In his latest column on ed-tech innovations, Editorial Director Dennis Pierce highlights five new products or services for schools
Products that make it easier for teachers to control students’ tablet computers and leave notes within the margins of online lessons are among the latest ed-tech innovations we’re highlighting this week.
To learn about these and other new ed-tech innovations, read on.
Classroom-based control of tablets
A few weeks ago, I wrote about  the convergence of mobile device management and classroom management software, a trend that gives educators more classroom-based control over students’ mobile devices—which could help with online testing.
TabPilot  sells a program, called Tablet Manager, that offers many of these same features for monitoring, controlling, and provisioning Android-based tablets at the classroom level. It’s a cloud-based management system that “puts teachers in control of classroom tablets,” the company says—allowing teachers to turn specific apps on or off for individual student devices or groups of devices.
Tablet Manager includes a secure web browser, called Focal Point, that lacks a navigation bar, keeping students on the webpage that teachers want them to be on. The program also lets teachers freeze students’ screens and monitor their screens through snapshots that are taken and sent to the cloud every few seconds.
The latest version of the software, Tablet Manager 4.0, lets teachers or administrators set up “configuration profiles,” or pre-configured sets of apps, web links, and other preferences that can be applied to groups of Android tablets all at once with a single click. For instance, a teacher or administrator could create a profile for “sixth grade math,” dragging and dropping the apps that he or she would like to push out to students in that class.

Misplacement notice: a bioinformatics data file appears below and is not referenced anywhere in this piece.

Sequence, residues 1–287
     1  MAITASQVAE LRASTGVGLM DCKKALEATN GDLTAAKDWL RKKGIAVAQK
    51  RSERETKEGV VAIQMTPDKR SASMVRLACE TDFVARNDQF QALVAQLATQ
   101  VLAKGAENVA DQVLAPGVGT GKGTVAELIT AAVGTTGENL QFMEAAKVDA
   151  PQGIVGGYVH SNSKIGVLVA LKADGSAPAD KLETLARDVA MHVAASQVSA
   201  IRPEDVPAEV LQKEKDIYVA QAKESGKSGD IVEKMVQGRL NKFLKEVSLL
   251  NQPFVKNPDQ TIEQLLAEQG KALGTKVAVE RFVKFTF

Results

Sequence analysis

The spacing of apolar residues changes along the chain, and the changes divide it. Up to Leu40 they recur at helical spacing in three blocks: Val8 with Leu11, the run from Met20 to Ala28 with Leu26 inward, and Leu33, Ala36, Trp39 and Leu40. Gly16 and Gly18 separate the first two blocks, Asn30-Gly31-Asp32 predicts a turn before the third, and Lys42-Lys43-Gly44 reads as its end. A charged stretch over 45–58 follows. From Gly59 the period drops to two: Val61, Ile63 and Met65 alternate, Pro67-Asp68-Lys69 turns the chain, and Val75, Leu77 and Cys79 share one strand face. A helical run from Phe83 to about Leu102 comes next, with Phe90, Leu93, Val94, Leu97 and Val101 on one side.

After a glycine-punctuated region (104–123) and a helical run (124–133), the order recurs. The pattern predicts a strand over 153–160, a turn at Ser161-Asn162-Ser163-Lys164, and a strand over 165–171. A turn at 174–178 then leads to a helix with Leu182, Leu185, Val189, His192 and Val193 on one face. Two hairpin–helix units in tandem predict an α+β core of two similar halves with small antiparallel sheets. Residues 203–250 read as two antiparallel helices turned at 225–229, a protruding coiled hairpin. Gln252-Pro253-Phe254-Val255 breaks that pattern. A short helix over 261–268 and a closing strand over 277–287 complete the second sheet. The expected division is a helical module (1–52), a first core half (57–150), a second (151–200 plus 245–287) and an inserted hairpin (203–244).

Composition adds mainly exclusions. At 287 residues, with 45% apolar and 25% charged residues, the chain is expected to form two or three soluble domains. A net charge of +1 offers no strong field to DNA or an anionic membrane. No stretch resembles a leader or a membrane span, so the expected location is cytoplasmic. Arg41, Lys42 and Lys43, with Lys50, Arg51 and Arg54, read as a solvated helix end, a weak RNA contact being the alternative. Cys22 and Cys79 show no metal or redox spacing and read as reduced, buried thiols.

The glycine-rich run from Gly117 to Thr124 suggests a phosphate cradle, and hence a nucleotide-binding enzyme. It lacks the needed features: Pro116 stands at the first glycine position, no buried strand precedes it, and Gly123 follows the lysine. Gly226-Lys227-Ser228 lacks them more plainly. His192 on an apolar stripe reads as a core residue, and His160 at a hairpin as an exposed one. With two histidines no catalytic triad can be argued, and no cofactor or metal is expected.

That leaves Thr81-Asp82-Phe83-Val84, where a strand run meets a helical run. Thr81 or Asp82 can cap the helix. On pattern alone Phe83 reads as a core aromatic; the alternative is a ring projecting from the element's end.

There is also a “Schedule” tab that lets users schedule profiles for certain times of the day—provisioning devices with different sets of apps for home or school use, for example.
This easy, one-click control is ideal for “shared-use environments” in which devices are used by different students throughout the day, said Jarrett Volzer, founder and president of TabPilot.
TabPilot is working on a feature that would let teachers broadcast students’ screens to the entire class, and the company plans to add this functionality soon.
An identity-based alternative to managing devices
Centrify  offers schools an identity-based approach to managing who has access to what resources, rather than a device-based approach. The company says its cloud-based identity management system serves as both a platform for single sign-on functionality and an alternative to mobile device management (MDM) software.
Centrify’s system takes the capabilities of Microsoft Active Directory and extends them across multiple platforms, said Corey Williams, senior director of product management and marketing—including iOS and Android devices.
A software agent that’s installed on each device allows students and staff to log on using their main Active Directory sign-on, and a control panel allows administrators to specify which users have access to which rights or settings.
The difference between Centrify’s identity access management system and traditional MDM software is that Centrify’s system also applies to Macintosh computers and applications such as Microsoft 365 and Google Apps, Williams said.
Enhanced ‘Notes’ feature helps personalize online/blended learning